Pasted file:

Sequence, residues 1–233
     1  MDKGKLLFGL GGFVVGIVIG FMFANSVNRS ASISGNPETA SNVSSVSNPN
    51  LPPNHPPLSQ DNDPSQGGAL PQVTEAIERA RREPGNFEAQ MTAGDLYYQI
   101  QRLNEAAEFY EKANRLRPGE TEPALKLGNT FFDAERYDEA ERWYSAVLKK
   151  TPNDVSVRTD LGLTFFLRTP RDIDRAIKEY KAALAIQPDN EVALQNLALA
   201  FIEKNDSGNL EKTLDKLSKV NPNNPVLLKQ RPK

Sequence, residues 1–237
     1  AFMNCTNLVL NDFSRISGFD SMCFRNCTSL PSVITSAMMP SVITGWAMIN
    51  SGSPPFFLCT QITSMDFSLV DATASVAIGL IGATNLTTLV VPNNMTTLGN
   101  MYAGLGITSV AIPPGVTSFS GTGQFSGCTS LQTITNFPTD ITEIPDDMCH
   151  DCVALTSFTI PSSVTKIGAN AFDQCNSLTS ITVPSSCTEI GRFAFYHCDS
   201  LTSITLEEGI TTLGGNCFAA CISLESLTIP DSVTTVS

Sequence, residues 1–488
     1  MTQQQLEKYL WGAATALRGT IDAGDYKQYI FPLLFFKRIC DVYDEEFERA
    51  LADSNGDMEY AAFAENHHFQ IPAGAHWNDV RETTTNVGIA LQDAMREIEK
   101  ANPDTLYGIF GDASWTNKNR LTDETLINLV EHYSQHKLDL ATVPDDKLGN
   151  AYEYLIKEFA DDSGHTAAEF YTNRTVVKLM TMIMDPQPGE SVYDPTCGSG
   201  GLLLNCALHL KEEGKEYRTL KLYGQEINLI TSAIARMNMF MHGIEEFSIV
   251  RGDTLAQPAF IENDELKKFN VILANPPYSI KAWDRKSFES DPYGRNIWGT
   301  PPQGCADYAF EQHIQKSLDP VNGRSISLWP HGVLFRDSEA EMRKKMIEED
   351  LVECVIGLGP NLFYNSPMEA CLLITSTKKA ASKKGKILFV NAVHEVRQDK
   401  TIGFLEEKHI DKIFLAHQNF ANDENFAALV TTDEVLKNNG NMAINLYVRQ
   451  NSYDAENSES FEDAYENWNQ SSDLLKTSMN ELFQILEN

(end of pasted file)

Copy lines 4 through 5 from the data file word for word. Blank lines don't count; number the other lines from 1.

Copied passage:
   101  QRLNEAAEFY EKANRLRPGE TEPALKLGNT FFDAERYDEA ERWYSAVLKK
   151  TPNDVSVRTD LGLTFFLRTP RDIDRAIKEY KAALAIQPDN EVALQNLALA